Books Magazine

Blotter by Oli Hazzard

By Pamelascott

Oli Hazzard's consists of five sequences; each constructed using a different process. In "Graig Syfyrddin" notes on hillwalking in the Welsh marches - the poet's former home - alternate with found text taken from an online walking forum. "Blotter" is a shepherd's calendar of sonnets composed of Russian spambot script - a mix of lifestyle advice, gaming tips, authoritarian propaganda, bucolic fragments and apocalyptic messages. "Within Habit" is a series of prose poems collaged from numerous sources. "March and May" comprises parallel columns of verse. "Or As" is a family of 81 seventeen-syllable poems, each one an erasure of the corresponding page in a different book the poet was writing alongside Blotter.

The poems are preoccupied, above all, with the passage of time, and how that passage can be differently registered or disturbed: the working day, the distorted seasons, the timestamp of a text message, the jottings of a daybook, the formal structure of a shepherd's calendar, the double exposure of a photograph, the reverse-flow of a Twitter feed. The title, Blotter, connects these concerns, suggesting at once a police blotter, a journal, a thing for drying wet spots, and, in its painterly connotation, a way of rendering the world in a manner that is vague, blurred, or out of focus.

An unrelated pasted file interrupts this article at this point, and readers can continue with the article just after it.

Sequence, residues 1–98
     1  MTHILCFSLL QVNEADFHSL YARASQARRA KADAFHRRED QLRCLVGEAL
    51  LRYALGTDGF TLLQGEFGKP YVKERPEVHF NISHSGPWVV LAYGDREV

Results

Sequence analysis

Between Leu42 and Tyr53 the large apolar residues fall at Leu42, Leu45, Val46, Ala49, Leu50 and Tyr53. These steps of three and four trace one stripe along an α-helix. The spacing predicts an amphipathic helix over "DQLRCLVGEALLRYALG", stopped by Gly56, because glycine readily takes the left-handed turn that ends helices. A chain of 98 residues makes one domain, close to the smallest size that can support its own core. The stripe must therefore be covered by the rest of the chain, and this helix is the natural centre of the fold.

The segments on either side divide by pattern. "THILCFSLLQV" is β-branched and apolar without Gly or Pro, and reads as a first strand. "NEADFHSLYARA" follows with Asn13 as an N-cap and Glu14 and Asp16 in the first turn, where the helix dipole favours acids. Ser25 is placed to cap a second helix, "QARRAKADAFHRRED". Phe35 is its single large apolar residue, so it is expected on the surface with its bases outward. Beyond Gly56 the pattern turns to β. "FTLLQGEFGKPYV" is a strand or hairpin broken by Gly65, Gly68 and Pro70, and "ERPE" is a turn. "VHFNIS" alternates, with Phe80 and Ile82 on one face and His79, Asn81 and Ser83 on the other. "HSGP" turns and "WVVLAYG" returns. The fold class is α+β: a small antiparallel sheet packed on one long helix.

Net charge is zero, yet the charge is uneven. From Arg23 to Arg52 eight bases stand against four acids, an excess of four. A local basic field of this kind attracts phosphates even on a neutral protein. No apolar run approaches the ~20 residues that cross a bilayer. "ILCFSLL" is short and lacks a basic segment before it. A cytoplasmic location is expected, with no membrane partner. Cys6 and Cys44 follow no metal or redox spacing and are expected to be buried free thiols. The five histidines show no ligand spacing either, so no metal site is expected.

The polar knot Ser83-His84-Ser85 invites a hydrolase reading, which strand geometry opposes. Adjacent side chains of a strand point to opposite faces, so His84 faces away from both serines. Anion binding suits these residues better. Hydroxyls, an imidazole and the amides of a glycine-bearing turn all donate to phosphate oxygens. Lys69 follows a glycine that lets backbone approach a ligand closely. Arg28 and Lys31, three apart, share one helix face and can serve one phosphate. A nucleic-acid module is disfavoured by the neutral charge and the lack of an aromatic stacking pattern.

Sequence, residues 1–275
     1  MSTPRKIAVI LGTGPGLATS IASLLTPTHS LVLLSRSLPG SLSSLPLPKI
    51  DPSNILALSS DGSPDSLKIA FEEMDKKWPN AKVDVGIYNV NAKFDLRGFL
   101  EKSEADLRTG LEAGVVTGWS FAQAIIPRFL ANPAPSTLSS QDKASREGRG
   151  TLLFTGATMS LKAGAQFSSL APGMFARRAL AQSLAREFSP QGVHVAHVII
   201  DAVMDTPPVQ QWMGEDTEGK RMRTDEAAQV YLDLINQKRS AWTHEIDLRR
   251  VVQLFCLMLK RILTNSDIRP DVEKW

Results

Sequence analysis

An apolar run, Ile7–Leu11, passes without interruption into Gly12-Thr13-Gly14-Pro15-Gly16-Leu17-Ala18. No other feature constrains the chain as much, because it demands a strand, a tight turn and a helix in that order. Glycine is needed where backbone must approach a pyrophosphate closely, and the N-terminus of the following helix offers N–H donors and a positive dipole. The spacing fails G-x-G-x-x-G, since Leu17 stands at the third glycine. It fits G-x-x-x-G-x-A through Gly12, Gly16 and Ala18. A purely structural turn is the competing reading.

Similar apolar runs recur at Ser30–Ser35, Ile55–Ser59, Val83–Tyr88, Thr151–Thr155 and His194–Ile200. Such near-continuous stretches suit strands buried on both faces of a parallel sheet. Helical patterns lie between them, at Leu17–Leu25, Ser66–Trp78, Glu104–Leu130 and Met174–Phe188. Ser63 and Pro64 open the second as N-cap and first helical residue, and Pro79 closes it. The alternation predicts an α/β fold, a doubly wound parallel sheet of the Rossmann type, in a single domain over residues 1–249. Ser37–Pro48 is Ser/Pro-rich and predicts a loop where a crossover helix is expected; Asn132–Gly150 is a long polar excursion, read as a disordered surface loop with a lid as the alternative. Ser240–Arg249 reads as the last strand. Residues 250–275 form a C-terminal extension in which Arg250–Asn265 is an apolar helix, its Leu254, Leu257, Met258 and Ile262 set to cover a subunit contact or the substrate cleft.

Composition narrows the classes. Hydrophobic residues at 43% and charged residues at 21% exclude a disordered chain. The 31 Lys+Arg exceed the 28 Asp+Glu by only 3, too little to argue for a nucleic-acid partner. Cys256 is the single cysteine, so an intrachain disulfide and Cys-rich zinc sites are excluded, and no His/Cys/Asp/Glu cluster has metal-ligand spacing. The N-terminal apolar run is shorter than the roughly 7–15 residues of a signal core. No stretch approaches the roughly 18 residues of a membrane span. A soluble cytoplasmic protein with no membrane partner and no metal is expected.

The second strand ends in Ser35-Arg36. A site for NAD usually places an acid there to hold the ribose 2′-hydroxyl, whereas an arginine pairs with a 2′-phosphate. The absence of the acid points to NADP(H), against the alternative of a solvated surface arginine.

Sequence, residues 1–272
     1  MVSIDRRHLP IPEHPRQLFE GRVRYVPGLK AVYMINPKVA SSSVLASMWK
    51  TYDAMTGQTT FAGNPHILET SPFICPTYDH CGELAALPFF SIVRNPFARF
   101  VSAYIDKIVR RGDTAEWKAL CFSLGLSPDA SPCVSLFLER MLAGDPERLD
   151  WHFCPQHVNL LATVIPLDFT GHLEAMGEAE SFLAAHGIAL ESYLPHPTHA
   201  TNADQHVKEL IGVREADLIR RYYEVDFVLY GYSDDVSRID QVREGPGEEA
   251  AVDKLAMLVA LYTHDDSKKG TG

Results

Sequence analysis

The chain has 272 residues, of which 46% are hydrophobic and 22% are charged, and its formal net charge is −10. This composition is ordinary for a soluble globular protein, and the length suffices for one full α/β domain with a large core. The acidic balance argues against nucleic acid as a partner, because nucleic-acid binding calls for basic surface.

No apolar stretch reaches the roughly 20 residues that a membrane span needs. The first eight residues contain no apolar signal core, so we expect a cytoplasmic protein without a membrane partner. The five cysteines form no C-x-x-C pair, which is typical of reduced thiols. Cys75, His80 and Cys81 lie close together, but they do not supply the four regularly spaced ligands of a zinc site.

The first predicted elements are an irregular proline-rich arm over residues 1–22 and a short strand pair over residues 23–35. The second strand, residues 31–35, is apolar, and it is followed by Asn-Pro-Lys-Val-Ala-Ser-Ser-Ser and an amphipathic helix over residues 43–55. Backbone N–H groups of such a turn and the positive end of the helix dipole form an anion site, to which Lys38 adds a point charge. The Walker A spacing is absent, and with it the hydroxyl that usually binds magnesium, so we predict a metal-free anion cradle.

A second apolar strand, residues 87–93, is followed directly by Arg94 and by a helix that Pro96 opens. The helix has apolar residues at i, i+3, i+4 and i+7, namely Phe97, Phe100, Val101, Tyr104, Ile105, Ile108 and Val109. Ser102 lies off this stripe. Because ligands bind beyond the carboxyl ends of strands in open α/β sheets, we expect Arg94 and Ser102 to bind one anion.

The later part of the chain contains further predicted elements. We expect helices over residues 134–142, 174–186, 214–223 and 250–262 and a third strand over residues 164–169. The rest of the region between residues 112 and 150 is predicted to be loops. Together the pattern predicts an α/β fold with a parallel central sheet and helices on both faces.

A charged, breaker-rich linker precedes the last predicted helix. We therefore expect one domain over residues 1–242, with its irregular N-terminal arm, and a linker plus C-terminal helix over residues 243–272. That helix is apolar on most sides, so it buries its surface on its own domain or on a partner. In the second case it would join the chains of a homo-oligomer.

[Dawn of Day on minor road to the east - easy parking in unused gate entrance: GRAIG SYFYRDDIN]


(Carcanet Poetry, 22 February 2018, 105 pages, ebook, borrowed from @natpoetrylib via @OverDriveLibs)



This is another stinker of a poetry collection. I've not had much success with poetry recently. Maybe I need to take a break or maybe there are just more turds out there than I thought? The month started off well reading Mary Oliver's excellent Dream Songs but has gradually gone downhill. Blotter is among the worst of the worst, a real stinker. I did not warm to these sequences at all. There seemed to be something pretentious and smug about them as if the poet is showing off the fancy format's he knows. I hate to say it but using weird spacing or an unusual structure does not make a poem good or mean someone is a talented poet. In fact, the cynical among us could say the weird spacing and structure used in these poems is designed to hide the fact the poems themselves have no real depth or deeper meaning, just random words shoe-horned into a shape.

Blotter Hazzard

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